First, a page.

MaleMonday: Truth or Dare

In all the searching for books boys will like to read, there is one fact that is often over looked: Boys prefer non-fiction.

Sure, boys will read fiction. They are fans of books about adventure and monsters and murder and fantasy and yes, vampires. But given the opportunity to make their own selection, most boys will choose comic books (yea, these are fiction, but they’re something most teachers are reluctant to let students read), magazines, newspapers, biographies, books of records and histories.

Nonfictions that have been popular in my library:

Shooting Stars by LeBron James

No choirboy: murder, violence and teenagers on deathrow by Susan Kuklin

Always Running: La vida loca: Gang days in L.A. by Luis Rodriguez

Cooked: from the streets to the stove, from cocaine to foie gras by Jeff Hederson

Graffiti world: Street art from five continents by Nicholas Ganz

Subway art by Martha Cooper

In the paint: tattoos of the NBA and the stories behind them by Andrew Gottlieb

American Shaolin: flying kicks, buddhist monks, and the legend of iron crotch: an odyssey in the new China by Polly Matthew

I ain’t scared of you: Bernie Mac on how life is by Bernie Mac

Life in Prison by Stanley Tookie Williams

American Dream: three women, ten kids, and a nation’s drive to end welfare by Jason DeParle

Getting away with murder the true story of Emmett Till by Chris Crowe

Dragon Ball Z kidding! Just making sure you’re still with me! My boys love manga and biographies about any contemporary basketball and football players, as well as Michael Jordan and Reggie Williams. This is Indiana, after all!

I found many of these non fiction titles on the YALSA list for reluctant readers, others I just got lucky and stumbled across

Book Review: Miracle’s Boys

Miracle’s Boys
author: Jacqueline Woodson
date: Puffin Books; 2000
main character: Lafayette Miguel Bailey

Miracle’s Boys is the story of three brothers seeking to find their own identity while struggling to be family. The boys’ parents are deceased and the oldest, Ty’ree, gives up dreams of college to work and keep the family together. Charles was in a juvenile home when his mom died and he is nursing anger and bitterness. Lafayette, the story’s narrator, sees a terrible change in his brother after he returned home and calls him “Newcharlie”. The boys must work through emotion filled memories of the past to begin living in the present.
Woodson creates strong, real characters whose pain is palpable. Her storytelling skills smoothly transport us back and forth in time, weaving a rich story in a very thin book. Milagro (Spanish for ‘miracle’) was the boy’s mother who taught them  many valuable lessons before she died.

Listen to this, Lafayette. Mama said.

I was flipping through the pages of a comic book. I was probably eight or nine, and it was dark outside. Too dark for me to be out but not for Ty’ree and Charlie. So I was sitting there being a little bit mad, sitting right near her but not really caring about what she had to say.

The function of freedom”, Mama read, “is to free someone else.

I shrugged and went back to my comic book.

You ever though about that, Laf? Mama asked me. That being free means you help somebody else get free?

I shook my head.

She put her book down.

Why not?

Cause I ain’t free.

Mama looked at me and frowned.

Well, I’m not, I said. If I was free, then I’d be able to go outside like Ty’ree and Charlie.

Then Mama laughed. But I didn’t see what was so funny about the truth.


Review copy from my school library.


Regulars here know that on Mondays, I’ve been using Ari’s Male Monday meme. I think I’m going to alternate that with a meme I used a long time ago, UnderCoverMondays. I simply take a quick look inside a book or two that I may not get a chance to read or review.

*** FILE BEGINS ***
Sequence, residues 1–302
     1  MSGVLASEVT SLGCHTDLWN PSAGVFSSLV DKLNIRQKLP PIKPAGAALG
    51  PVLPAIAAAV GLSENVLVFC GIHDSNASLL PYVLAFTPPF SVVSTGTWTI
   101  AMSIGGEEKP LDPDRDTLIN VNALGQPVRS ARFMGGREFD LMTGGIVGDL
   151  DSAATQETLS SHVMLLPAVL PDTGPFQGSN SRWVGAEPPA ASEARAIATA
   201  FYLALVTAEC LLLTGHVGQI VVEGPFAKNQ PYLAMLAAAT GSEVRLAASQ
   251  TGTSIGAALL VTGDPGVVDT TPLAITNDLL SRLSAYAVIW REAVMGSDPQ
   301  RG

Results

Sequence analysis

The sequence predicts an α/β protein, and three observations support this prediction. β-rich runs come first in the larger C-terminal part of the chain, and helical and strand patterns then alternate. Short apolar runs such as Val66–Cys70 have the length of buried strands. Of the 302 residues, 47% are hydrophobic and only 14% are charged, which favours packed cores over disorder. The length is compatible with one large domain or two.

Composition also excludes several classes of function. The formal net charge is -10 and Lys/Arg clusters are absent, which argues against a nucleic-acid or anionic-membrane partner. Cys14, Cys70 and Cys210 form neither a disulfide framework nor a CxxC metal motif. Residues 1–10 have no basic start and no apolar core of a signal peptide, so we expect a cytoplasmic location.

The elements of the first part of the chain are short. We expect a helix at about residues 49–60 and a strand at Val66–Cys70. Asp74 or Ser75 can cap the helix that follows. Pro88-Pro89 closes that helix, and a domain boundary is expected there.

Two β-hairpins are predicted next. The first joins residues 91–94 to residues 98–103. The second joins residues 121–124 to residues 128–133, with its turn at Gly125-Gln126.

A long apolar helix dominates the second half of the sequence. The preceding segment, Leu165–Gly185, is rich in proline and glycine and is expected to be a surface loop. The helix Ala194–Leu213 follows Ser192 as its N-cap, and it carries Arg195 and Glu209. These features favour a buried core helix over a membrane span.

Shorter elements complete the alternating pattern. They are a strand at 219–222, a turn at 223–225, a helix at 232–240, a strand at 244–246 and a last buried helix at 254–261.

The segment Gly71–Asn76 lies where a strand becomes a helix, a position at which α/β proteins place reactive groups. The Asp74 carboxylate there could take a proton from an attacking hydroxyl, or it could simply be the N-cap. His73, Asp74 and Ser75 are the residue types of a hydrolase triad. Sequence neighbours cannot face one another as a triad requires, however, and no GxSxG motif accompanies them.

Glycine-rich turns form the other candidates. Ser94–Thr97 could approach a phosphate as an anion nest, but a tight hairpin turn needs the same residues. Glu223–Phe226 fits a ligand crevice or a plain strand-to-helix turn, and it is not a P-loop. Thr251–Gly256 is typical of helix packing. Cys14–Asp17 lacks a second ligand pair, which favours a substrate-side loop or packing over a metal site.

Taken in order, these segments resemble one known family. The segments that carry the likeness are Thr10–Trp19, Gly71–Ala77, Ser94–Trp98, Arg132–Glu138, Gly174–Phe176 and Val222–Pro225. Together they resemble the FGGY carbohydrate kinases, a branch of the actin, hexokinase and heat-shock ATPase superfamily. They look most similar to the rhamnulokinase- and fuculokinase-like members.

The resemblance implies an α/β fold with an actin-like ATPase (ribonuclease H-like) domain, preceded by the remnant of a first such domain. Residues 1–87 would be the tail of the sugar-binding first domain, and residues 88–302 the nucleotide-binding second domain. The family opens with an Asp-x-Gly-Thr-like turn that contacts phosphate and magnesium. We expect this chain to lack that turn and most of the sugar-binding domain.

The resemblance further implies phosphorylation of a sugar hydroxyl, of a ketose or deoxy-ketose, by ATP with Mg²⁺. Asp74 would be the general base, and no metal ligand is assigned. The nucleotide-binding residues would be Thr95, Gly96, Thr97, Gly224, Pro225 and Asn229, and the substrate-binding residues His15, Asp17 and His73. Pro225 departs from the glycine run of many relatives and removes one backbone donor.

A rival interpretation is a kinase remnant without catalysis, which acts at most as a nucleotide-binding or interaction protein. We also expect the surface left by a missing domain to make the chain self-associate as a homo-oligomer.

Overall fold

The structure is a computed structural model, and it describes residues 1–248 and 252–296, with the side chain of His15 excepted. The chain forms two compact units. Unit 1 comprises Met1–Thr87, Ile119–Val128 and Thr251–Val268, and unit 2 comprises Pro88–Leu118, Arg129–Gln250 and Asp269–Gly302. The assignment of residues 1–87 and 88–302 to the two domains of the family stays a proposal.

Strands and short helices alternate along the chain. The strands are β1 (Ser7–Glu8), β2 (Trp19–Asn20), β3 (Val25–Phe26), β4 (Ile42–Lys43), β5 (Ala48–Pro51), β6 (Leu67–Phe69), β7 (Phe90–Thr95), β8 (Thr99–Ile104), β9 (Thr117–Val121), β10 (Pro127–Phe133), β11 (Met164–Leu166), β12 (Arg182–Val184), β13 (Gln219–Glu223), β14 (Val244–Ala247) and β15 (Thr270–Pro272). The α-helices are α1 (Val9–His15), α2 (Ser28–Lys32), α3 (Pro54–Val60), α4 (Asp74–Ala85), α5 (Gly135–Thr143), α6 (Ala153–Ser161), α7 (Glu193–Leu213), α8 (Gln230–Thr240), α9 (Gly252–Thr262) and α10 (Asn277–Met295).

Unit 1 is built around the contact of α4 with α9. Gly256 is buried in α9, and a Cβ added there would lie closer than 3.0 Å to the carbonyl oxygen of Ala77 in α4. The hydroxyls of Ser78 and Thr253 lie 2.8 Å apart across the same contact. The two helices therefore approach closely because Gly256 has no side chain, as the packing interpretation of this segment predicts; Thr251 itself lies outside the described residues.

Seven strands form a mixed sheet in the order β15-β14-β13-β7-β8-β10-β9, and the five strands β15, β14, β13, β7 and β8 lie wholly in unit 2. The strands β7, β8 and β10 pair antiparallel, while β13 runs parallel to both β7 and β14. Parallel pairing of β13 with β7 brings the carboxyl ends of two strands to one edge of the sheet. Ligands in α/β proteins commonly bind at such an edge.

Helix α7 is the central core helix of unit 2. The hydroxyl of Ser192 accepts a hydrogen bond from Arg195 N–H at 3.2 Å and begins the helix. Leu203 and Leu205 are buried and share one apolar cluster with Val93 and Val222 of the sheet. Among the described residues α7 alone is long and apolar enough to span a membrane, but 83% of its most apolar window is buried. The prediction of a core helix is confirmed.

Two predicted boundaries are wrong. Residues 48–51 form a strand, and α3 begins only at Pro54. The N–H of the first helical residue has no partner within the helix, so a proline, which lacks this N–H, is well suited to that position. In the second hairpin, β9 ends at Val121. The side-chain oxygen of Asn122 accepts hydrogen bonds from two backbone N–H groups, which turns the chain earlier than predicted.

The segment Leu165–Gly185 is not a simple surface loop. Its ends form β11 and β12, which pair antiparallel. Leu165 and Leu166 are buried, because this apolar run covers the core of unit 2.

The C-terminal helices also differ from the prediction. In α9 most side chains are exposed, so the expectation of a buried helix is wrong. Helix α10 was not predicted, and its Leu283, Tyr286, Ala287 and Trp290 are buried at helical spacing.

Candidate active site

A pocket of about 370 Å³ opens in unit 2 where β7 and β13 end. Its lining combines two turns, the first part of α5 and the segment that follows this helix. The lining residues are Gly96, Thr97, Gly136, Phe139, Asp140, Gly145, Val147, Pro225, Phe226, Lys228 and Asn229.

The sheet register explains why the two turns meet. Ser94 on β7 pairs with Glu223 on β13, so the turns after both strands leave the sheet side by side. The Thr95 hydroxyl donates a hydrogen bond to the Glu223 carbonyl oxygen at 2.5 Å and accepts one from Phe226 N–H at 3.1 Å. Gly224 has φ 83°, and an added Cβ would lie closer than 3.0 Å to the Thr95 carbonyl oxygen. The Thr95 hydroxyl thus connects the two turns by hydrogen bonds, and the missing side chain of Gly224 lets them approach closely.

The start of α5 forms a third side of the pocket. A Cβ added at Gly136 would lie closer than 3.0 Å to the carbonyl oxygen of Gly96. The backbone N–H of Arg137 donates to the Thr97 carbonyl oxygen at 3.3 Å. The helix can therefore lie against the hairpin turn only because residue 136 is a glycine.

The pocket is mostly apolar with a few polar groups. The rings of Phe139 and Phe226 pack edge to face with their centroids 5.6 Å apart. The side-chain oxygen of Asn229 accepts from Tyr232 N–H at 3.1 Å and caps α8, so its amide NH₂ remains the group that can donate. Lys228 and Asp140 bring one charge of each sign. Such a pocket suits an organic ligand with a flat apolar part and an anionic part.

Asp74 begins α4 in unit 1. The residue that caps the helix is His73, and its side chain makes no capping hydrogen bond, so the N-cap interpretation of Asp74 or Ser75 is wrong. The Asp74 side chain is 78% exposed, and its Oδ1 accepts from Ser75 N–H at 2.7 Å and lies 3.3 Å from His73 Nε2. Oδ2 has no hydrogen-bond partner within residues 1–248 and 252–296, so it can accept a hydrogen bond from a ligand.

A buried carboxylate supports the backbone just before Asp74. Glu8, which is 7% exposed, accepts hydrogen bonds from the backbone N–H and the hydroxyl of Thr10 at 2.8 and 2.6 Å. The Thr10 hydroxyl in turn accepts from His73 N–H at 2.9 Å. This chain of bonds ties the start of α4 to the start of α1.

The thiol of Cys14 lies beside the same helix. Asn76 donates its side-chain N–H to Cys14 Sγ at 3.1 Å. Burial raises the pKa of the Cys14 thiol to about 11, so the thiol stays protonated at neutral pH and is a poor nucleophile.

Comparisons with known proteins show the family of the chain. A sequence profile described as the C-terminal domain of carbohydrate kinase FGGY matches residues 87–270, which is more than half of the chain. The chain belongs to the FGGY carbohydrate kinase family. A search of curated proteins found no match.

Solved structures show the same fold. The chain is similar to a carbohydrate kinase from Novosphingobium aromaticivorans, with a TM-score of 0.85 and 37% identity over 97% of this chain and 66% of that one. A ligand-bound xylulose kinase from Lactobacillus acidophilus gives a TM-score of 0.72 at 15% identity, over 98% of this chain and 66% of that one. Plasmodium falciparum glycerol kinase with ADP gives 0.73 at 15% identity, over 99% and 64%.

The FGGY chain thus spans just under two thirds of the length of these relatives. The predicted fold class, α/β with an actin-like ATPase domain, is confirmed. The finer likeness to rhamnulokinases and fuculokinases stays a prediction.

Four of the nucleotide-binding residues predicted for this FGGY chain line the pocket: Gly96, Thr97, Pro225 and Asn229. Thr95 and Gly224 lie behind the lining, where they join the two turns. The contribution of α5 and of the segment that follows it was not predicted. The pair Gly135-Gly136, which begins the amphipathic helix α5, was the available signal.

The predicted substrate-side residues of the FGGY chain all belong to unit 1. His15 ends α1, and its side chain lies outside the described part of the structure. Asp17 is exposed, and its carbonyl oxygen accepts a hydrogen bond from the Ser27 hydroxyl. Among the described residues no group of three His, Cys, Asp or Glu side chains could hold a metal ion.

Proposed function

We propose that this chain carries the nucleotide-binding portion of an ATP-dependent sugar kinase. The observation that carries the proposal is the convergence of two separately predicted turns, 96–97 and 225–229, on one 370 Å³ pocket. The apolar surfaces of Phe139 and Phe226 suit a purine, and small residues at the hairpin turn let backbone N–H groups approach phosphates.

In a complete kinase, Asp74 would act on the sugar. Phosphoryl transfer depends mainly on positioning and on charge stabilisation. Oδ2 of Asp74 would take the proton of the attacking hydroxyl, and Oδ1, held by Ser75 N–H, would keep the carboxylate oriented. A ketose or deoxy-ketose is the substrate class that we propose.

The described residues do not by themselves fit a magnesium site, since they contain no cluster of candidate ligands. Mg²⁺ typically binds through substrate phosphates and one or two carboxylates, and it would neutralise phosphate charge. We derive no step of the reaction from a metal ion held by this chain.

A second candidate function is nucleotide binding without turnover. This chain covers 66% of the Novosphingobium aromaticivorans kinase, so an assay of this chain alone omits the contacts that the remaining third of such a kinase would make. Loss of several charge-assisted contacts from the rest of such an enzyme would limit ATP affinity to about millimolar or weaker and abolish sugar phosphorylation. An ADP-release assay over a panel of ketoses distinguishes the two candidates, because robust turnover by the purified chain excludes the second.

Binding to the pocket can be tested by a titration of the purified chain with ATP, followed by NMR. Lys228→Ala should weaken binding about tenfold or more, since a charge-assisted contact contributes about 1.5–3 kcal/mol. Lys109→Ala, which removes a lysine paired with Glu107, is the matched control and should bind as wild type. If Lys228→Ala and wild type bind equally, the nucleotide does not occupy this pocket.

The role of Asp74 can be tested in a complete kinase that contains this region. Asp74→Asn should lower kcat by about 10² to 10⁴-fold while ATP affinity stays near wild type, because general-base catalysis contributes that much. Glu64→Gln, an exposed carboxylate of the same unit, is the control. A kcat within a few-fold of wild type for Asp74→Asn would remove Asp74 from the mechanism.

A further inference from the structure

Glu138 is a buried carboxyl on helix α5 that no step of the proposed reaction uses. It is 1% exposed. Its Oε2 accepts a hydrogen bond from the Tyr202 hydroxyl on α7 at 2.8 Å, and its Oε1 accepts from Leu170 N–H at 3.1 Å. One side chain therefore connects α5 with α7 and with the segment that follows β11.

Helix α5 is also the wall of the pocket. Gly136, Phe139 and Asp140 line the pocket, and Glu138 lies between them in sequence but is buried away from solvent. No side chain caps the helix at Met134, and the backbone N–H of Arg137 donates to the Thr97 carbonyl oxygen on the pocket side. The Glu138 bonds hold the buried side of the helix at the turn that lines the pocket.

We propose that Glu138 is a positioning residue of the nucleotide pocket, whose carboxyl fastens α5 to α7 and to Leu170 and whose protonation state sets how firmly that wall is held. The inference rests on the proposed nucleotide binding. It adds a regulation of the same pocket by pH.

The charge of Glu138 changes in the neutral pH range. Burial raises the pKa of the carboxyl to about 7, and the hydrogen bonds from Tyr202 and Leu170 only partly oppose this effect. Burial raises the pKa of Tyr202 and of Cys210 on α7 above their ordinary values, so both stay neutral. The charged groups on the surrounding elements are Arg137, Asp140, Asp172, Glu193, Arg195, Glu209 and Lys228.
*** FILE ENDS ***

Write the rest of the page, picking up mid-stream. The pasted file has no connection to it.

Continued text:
On Thursdays, I occasionally post CrossingBorders. My first post was adult POC books that cross into the teen spectrum. I can see posts coming on books with a diverse cast of characters, characters who literally cross borders, adult POC authors crossing to YA and moving POC YA books out of stories based solely upon racial experiences.

I think a rhythm will keep me posting and if I keep posting, you’ll keep coming back!

One routine I have in real live in baking holiday cookies with my sister. We sip on cocktails while we bake the night away.  We’ve done mimosas, hot buttered rum and blackberry kir. Cookies are typically butter, chocolate chip, peanut butter with chocolate kisses and butterballs.

We need recipes for new cookies and for a great holiday drink! Could you please share a link or a recipe in the comment section?  If I get enough recipes (>5) I’ll select a couple of lucky readers to send a box of goodies!


Typically, after a chance to pull back from work, re-group and rest up I find myself on Sunday morning either stimulated physically or intellectually. Last week, it was physical. I was able to accept this sinus stuff as my new norm and I did fall cleaning with vim and vigor and even fit in a visit to the gym.

Today, it’s intellectual. I’ve been online for four five hours now, collecting information on, tweeting and visiting discussions on Linkedin. I received a very interested email from AIME in which tech guru Joyce Kasman Valenza creates a manifesto for 21st century librarians. I like that this listing validates many of the changes I’ve tried to implement while challenging me to do more. I wish I had the energy to compel my district to break down the tech barriers they create for our students, thus intensifying the digital divide, but I don’t. I don’t even know that I have the intellectual energy to create ways to jump over those barriers.

Having a three day weekend in front of me is energizing in and of itself! Should be a good week to get in extra gym visits and get a few more Cybil nonfiction nominees read.

Is it just me, or are the year end book lists a lot more popular than usual this year? No point re-hashing them here, they’re everywhere. I’ve considered doing a list of my own favorites, and may do so later. Or not. What’s useful for me right now is deciding my Christmas gift list. When my children were younger and were invited to birthday parties, we would only give books as presents. (One more sign I was meant to be a librarian.) I’m finding that now, even with adult friends, I’m very likely to give books as gifts. Books, however, can be an intensely personal gift. They should reflect how well we know someone’s interests or tastes and not just what we’ve read and enjoyed. Well, not always!